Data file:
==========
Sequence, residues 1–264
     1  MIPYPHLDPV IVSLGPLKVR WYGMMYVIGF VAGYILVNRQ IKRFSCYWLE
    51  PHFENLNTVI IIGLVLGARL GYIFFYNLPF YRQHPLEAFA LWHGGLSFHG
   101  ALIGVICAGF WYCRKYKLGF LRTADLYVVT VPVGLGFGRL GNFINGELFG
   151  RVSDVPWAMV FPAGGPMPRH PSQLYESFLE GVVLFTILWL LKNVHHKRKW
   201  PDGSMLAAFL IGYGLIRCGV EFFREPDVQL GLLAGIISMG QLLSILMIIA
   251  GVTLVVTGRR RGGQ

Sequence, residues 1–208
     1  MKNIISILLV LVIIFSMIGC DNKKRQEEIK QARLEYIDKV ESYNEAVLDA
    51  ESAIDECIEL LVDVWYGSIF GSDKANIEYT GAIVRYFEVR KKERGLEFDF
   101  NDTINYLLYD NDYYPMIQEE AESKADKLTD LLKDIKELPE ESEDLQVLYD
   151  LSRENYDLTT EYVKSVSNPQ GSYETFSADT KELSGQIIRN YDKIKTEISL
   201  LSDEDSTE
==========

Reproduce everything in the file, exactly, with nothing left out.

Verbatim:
Sequence, residues 1–264
     1  MIPYPHLDPV IVSLGPLKVR WYGMMYVIGF VAGYILVNRQ IKRFSCYWLE
    51  PHFENLNTVI IIGLVLGARL GYIFFYNLPF YRQHPLEAFA LWHGGLSFHG
   101  ALIGVICAGF WYCRKYKLGF LRTADLYVVT VPVGLGFGRL GNFINGELFG
   151  RVSDVPWAMV FPAGGPMPRH PSQLYESFLE GVVLFTILWL LKNVHHKRKW
   201  PDGSMLAAFL IGYGLIRCGV EFFREPDVQL GLLAGIISMG QLLSILMIIA
   251  GVTLVVTGRR RGGQ

Sequence, residues 1–208
     1  MKNIISILLV LVIIFSMIGC DNKKRQEEIK QARLEYIDKV ESYNEAVLDA
    51  ESAIDECIEL LVDVWYGSIF GSDKANIEYT GAIVRYFEVR KKERGLEFDF
   101  NDTINYLLYD NDYYPMIQEE AESKADKLTD LLKDIKELPE ESEDLQVLYD
   151  LSRENYDLTT EYVKSVSNPQ GSYETFSADT KELSGQIIRN YDKIKTEISL
   201  LSDEDSTE